The Joyce Theater programs (June 19 through 24) that opened with The Emperor Jones celebrated the company’s 65th anniversary. Roxane D’Orleans Juste (now assistant artistic director) performed Limón’s solo Chaconne to the chaconne from Bach’s Partita in D minor, played by violinist Kinga Augustyn. Gender isn’t an issue in this case, although D’Orleans Juste gives an understated performance, emphasizing subtleties of timing and gesture.
Jirí Kylián choreographed La Cathédrale Engloutie in 1975 for Nederlands Dans Theater. I’ve often thought that a few early Kylián works were influenced by Limón; certainly the dance fits into the company’s style while adding some sexier images. Set to the haunting piece of the same name by Claude Debussy (played beautifully at the Joyce by pianist Anna Shelest, despite the taped sound of breaking waves that keeps interrupting the music), the dance seems to be about loss and repentance.
The composer was inspired by the tale of a cathedral that sank into the sea because of the dissoluteness of the community that supported it. The women in their plain dresses and the men in shirts and trousers reflect the tides that conceal (and once a year reveal) the church. The initial image shows two women sitting on their heels, facing offstage, with two men who several times gently pull the women’s heads back to urge them to move farther away from what they’re gazing at. Kylián’s movement is earthy; the six dancers bend and arch their bodies as if swallowing regret or remembering abandon. The dancers roll like waves into relationships, tossed by memories.
The world premiere is Come With Me, choreographed by Rodrigo Pederneiras, a choreographer associated with Brazil’s Grupo Corpo, and set to a commissioned score by Paquito D’Rivera. The music with its use of Brazilian and African rhythms is the sort to set feet dancing, and when the piece starts, you realize that the other works on the program—with the possible exception of Chaconne—focus on big movement of the whole body; the dancer’s feet just carry them along. The mood of Come With Me is festive, and the performers treat it like the well-ordered carnival that it is. Maria Luiza Magalhàes’s flowered pants for the men and flouncy skirts for the women are imaginative and tasteful within their gaudiness.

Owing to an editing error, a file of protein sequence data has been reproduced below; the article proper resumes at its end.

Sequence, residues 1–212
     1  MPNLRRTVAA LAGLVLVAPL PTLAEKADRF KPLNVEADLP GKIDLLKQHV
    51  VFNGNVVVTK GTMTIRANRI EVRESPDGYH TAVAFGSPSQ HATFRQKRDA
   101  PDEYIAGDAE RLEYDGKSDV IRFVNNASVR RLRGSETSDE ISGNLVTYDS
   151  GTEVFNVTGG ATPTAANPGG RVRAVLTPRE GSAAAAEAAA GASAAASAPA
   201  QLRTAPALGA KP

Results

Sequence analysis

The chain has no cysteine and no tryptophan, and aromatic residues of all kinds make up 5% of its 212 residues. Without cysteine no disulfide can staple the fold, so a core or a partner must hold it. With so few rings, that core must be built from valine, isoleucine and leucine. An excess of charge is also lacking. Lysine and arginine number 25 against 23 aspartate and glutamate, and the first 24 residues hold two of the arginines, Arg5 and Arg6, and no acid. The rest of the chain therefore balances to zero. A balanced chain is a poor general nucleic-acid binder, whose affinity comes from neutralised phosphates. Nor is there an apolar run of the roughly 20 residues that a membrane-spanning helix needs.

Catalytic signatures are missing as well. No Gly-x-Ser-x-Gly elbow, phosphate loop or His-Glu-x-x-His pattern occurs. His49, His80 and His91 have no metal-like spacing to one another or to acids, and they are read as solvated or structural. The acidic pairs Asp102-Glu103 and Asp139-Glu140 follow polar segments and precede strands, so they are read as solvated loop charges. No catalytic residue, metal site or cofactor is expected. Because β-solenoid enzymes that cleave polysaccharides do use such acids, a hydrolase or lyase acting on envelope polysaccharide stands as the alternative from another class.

Is the piece a major work of art? No (and at some point it begins to feel long). But it shows the vividly expressive dancers in ways that the rest of the program doesn’t and is perfectly in keeping with a company repertory that has included Humphrey’s Ritmo Jondo and Lament for Ignacio Sánchez Mejías. The dancers kick up their heels, swing their hips, show off for one another, and exult in the good time they’re having. Now and then Pederneiras calls your attention to this one or that one as they join and separate. Kristen Foote looks lusciously alive in a short solo, Other moments highlight Comedy’s loose-limbed deftness and Logan Frances Kruger’s lustiness. Kathryn Alter and Fetecua Soto shine in a duet. The celebration never stops; the little vignettes just bubble up and then rush away or flow into other activities. Also adding to the festivities: Aaron Selissen, Elise Leon-Drew, Boumaïla, Puleo, and Ruvalcaba.